City Council received information on stormwater fees | News, Sports, Jobs
LOCK HAVEN – Lock Haven City Council continues to seek funding resources to repair its aging stormwater management infrastructure.
At a previous meeting, while discussing capital improvement projects, City Manager Greg Wilson told council that he had included ballpark figures on the cost of improving stormwater infrastructure on 30 years. According to Wilson’s calculations, the cost would be around $30 million in the end, and would add up to around $1.4 million each year.
According to Mark Glenn, president of the city’s engineering firm Gwin Dobson and Foreman, the city has a few financing options, but none are a panacea. Glenn presented the city with information about its stormwater management infrastructure and potential funding opportunities.
Among them are subsidies from the city’s liquid fuels allocation; annual budget allocations for streets/storm sewers; Block grant funding for community development—although often spent on park improvements and some paving; PennDOT’s streetscape funds (Glenn noted that this funding does not include underground systems); and budget capital expenditures which can often change based on need each year.
The other option would be an Equivalent Residential Unit (URE). According to Glenn, an ERU is similar to the measurement used for sewer payments – Equivalent Dwelling Unit – and sees a residential property measured and averaged to give a median number. This ERU is used to develop a flat fee for residential and commercial property owners.
“An ERU based on the stormwater generating potential of a property measured by its impermeable surface,” he said. Some examples are a house, a roof, concrete sidewalks or driveways.
“(Storm water) simply goes down with the downspout, on a surface or directly in the street”, Glenn explained.
To determine the city’s average ERU for residential properties, city staff and GDF measured each parcel of land using GIS (residential and commercial), which determined that approximately 53.75% of the area of the town’s properties is residential. This totals approximately 3,222 (420 vacant). In total, an average of 45.95% of these properties is estimated to be an impermeable zone. According to Glenn’s presentation, that’s 8.7 million square feet of impervious area, which averages out to 2,700 square feet of ERU.
Less than half of the city is non-residential and has approximately 4,528 square feet of ERU.
Since an ERU fee would be a flat rate per household, Glenn presented the board with three examples:
— If the ERU were to be $27.29 per year, the city could see funding of $200,000.
— If the ERU were to be $50 per year, the city could see funding of $366,500.
— If the ERU were to be $100 per year, the city could see funding of $733,000.
According to Glenn, stormwater fees are becoming more common as communities face similar challenges to the city with aging infrastructure and poor funding opportunities. The examples he gave were the boroughs of Clarion, Chambersburg, Ebensburg, Baldwin, Gettysburg and Highspire, Harrisburg and Hazelton.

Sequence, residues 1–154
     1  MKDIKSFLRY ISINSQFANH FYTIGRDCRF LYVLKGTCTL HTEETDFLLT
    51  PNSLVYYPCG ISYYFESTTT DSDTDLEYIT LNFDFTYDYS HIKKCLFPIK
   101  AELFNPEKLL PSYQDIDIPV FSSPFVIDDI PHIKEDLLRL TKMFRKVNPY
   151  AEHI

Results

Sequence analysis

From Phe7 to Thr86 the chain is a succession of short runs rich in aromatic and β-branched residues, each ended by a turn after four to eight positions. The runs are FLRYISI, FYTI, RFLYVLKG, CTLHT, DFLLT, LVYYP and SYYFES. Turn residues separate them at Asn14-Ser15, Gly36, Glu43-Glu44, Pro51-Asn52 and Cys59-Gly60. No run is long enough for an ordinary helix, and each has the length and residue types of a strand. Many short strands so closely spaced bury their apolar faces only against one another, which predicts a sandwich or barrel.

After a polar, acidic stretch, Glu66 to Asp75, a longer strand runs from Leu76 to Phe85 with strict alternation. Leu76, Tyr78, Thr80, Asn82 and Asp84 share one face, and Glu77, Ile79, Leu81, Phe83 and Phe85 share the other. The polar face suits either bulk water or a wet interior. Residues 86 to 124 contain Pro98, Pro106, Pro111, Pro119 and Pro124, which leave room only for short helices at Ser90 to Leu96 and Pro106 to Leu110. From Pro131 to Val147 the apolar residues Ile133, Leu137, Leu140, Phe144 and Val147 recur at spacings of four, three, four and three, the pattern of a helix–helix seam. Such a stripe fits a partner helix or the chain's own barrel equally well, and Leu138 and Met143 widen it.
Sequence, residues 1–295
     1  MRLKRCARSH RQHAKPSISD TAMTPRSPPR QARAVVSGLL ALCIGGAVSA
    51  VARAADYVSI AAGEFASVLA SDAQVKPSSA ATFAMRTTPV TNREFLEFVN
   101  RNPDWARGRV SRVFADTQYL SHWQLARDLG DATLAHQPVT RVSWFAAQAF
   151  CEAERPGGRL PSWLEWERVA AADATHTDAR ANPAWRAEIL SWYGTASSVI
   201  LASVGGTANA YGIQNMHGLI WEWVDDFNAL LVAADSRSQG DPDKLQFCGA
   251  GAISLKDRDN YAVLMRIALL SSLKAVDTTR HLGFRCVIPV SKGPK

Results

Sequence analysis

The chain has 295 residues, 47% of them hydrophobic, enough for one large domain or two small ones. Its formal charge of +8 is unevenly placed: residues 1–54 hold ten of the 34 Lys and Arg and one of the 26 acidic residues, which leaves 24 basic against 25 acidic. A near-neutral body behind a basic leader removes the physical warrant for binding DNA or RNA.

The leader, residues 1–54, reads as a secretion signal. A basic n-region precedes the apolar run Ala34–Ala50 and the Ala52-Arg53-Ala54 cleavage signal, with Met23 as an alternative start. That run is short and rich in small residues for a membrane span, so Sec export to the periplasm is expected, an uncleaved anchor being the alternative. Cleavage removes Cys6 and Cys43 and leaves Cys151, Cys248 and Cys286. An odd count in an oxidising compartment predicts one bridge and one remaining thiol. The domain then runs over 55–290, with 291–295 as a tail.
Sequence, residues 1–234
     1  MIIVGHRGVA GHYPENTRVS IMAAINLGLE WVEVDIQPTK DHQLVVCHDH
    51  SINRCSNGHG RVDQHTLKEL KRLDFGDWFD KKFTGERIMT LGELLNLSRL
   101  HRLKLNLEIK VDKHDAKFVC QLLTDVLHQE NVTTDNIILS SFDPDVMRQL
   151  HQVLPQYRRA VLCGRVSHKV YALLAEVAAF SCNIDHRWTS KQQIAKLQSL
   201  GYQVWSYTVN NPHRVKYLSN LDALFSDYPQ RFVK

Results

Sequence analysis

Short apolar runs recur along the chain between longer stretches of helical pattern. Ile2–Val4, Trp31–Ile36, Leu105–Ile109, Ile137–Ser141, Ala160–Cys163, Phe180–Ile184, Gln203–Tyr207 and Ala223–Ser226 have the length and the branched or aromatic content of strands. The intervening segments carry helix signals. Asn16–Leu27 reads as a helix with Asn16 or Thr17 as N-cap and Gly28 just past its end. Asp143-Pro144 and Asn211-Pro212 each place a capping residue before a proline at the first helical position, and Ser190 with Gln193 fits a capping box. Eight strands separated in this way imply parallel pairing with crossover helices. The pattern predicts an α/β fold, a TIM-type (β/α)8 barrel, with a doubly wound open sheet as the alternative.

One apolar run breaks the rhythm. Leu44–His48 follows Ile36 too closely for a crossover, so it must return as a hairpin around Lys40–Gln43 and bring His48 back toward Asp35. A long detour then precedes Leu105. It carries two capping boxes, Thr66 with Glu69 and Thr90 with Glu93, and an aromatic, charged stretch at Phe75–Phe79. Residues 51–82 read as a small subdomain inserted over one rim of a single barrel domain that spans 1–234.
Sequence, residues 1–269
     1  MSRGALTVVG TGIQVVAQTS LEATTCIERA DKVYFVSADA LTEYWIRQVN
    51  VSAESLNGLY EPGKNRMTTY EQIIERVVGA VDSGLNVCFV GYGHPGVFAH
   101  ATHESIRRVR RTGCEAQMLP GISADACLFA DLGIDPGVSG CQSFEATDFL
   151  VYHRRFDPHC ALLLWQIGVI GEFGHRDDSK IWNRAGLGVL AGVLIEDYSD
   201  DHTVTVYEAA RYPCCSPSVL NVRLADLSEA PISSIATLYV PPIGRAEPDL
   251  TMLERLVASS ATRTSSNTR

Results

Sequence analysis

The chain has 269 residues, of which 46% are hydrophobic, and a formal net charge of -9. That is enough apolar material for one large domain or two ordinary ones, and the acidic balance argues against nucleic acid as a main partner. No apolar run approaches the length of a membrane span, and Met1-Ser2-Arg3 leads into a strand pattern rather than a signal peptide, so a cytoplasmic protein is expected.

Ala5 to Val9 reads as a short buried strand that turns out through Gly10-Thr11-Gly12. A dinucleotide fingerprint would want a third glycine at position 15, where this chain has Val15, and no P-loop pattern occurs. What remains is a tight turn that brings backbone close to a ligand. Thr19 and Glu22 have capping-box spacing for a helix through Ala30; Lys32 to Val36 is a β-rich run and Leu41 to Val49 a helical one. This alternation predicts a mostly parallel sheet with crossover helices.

Each municipality has its own annual fee which ranges from $25 to $100. Glenn explained that their numbers are also based on population size.
If council were to move forward with a stormwater charge, Glenn said the following steps would need to be taken:
— Establish whether the municipal administration would oversee funding or whether a municipal authority would be established.
— Meet legal requirements such as establishing ordinances, rules and regulations.
— Produce a project engineering and condition assessment report that would include proposed projects, costs and priorities.
— Finalize an ERU calculation.
— Inform the public of potential stormwater charges and allow comments.
— Notify owners of non-residential property.
Whichever funding route the city might take – should the council choose to undertake this decades-long project – Glenn presented facts and information on how GDF would propose to move forward with the project. .
According to Glenn’s presentation, the city has 45 miles of streets and alleys; 50 miles of curbs; 26 miles of storm sewers; 1,300 rainwater intakes; and 300 looks.
With a 50-75 year old system, many of the problems it is currently experiencing include potholes/sinkholes, damaged pavement, missing or damaged curbs and collapsed pipes/poor inlets, a said Glenn.
“In many cases it has reached the end of its useful life,” he said.
Glenn said the biggest problem the city faces with its stormwater system is drainage.
In terms of tax changes, Glenn said the infrastructure would need new curbs, storm drains and pavements on the streets. He noted that it might be possible to coordinate the improvements with the renewal of the city’s sanitary sewers and water lines if they go ahead with the project.
Glenn said GDF is considering a three-pronged approach if the city is to move forward with these improvements. This includes building a storm sewer, installing curbs and paving streets.
“(Storm drains) are really essential. If the storm sewer is undersized or in poor condition, it must be replaced and must serve as the main amenity to bring water from the street to the discharge point,” said Glenn.
Setting up a border “flow line” Also important is that the water reaches an inlet and goes to a discharge point, he continued.
And, the final piece of the puzzle is the street paving which sometimes includes overlay if the need arises, he concluded.